We should concentrate on letting go of negative thoughts, set patterns of behaviour which don’t serve us well. Stop doing things we feel we ought to do but don’t really want to. Perhaps a little de-cluttering at home and parting company with anything we no longer need. 

Importantly its time to grant ourselves permission to nurture ourselves.


Below are some yoga poses and practices that you may find particularly beneficial to this autumn. They should help you in your quest to let go, to ground your body and your energy, and to nurture yourself both mentally  and physically:

When practicing yoga at this time of the year try and move more slowly,deepening breath help us to flow mindfully through the movements as we slow down our body and our brain.

Continue to practice sun salutations but more slowly than usual – we need to feel our feet grounding us as we aspire to connect with the energies of the earth and the sky.

Practicing tree pose help us to  ground our body and still our mind as we come into balance. Grow tree pose into wide branches and advance into swaying into lateral stretches – similar to a tree swaying in the autumn breeze as balance improves.

Restful and restorative poses help us to relax into stillness and feel supported by the ground beneath us.  For example child’s pose (balasana) and seated poses like hero’s pose (virasana).

To this end all of the family of forward bends are particularly appropriate at this time of the year. Both the seated and standing variety as they help us to let go of tension from our body particularly stiffness in the lower back.

Supported restorative inverted postures like ‘legs up the wall pose’ (viparita karani) which is deeply restful. The pose enables us to release tension and let go of those thoughts and emotions that drag us into gloomy moods.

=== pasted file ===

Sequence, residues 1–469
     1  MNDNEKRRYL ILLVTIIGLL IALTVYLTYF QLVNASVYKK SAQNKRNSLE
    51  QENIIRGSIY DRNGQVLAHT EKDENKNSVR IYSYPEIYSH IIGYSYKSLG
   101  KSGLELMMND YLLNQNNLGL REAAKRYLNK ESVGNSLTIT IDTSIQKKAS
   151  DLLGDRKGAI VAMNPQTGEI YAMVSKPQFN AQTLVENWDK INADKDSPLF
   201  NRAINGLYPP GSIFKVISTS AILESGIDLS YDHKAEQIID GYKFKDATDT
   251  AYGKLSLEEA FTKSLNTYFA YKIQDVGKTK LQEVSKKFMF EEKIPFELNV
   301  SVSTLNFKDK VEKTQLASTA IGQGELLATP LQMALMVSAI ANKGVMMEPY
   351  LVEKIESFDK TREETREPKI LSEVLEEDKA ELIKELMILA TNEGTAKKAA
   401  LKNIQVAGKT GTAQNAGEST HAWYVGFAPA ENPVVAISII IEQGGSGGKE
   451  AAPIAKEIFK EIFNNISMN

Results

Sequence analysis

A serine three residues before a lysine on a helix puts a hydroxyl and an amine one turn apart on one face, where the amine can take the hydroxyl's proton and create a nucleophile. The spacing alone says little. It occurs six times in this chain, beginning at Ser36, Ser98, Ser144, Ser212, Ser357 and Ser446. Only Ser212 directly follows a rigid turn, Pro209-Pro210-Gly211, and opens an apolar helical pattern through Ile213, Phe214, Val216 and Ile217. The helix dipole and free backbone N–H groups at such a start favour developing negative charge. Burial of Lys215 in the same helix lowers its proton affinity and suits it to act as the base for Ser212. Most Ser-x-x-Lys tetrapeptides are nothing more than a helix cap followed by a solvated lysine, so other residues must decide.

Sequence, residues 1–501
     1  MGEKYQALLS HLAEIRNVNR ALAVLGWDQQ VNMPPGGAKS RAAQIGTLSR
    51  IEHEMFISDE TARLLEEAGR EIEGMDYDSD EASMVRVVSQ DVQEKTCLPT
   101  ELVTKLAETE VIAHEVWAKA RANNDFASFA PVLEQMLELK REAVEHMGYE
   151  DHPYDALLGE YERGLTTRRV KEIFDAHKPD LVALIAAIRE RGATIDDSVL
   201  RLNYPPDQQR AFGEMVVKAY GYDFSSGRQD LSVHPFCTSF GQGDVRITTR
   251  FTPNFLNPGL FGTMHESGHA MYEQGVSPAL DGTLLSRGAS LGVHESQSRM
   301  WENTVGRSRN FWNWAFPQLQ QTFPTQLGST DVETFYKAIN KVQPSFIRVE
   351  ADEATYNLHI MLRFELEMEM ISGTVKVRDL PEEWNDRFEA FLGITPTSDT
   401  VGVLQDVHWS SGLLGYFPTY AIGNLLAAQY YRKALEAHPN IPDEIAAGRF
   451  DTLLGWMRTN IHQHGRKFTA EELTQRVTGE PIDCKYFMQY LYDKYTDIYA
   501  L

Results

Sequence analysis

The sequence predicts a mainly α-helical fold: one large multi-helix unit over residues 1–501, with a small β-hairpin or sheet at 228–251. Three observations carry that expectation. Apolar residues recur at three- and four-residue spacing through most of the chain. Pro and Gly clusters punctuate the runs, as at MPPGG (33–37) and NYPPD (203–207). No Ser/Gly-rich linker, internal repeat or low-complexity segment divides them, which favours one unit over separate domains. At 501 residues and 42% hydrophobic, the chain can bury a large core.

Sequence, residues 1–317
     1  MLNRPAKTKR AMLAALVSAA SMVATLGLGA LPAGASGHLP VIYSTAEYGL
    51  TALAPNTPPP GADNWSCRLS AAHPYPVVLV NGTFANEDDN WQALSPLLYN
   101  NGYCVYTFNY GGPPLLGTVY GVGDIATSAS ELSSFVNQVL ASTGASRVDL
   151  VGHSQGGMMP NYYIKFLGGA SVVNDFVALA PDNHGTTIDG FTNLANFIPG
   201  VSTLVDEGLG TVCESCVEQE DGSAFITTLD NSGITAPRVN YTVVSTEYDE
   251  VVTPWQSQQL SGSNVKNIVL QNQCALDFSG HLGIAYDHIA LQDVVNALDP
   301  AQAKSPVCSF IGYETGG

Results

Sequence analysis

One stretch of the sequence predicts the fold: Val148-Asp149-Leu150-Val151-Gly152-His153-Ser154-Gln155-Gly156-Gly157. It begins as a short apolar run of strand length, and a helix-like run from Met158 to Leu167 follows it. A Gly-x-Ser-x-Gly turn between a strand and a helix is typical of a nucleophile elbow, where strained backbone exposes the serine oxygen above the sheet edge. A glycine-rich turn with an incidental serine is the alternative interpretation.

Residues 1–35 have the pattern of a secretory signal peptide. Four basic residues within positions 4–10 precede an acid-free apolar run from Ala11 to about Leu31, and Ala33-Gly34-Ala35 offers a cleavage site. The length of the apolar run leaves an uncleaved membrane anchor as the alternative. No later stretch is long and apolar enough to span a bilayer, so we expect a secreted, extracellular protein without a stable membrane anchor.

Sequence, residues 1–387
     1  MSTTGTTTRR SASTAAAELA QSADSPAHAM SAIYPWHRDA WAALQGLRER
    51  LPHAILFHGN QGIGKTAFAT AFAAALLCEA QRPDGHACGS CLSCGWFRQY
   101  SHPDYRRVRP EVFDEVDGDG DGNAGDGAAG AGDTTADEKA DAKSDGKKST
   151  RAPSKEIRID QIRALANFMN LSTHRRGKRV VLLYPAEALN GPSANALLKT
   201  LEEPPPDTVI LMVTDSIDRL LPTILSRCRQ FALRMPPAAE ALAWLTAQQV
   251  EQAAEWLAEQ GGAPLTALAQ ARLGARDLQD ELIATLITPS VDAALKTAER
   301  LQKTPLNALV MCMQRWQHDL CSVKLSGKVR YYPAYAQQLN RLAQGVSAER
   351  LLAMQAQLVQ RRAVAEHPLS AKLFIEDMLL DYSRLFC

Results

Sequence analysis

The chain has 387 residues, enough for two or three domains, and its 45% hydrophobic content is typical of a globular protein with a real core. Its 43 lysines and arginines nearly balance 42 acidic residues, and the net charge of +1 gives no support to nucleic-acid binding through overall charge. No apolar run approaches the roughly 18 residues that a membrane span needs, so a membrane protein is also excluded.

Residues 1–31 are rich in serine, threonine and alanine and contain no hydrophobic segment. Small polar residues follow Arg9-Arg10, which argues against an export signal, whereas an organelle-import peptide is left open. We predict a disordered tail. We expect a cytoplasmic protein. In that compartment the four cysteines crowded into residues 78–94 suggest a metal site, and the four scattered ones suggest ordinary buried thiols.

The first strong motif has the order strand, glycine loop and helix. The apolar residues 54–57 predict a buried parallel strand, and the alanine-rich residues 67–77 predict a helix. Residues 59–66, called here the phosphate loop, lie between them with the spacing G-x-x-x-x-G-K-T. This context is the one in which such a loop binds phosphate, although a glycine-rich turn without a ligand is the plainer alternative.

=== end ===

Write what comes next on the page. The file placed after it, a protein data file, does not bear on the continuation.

Similarly Corpse pose (savasana) helps to promote stillness and a time of conscious relaxation as we give ourself time and space to let 


It is helpful to become observant of when we become restless but at the same time we must encourage ourselves not to worry when we do. Reinforce the idea that it is simply our body, mind and emotions adjusting to the change in the season.  Slow down and nurture
We must try to go outdoors in nature more often. Even getting out and about on a bicycle or walking the city streets will help us to connect more with the changing season and to be more observant of the show that this season displays. Even if that show is a change in what the local council has decide to put in the autumn flowerbeds now the summer annuals have died away!

Take leisurely walks in the country or a local park – somewhere where you can listen to the wind in the trees, collect conkers and fallen leaves and notice the changes in the quality of the light. Really appreciate the beautiful colours of the leaves as they change as the season progresses.

A couple of years ago I had the privilege of visiting New York at this time of the year and Central Park was simply stunning – but so can a park in Watford seem exquisite at this time of the year!

So for all the restlessness and gloom that I alluded to experiencing when I first sat down to write this posting – autumn is a beautiful season, so relax, let go and enjoy it!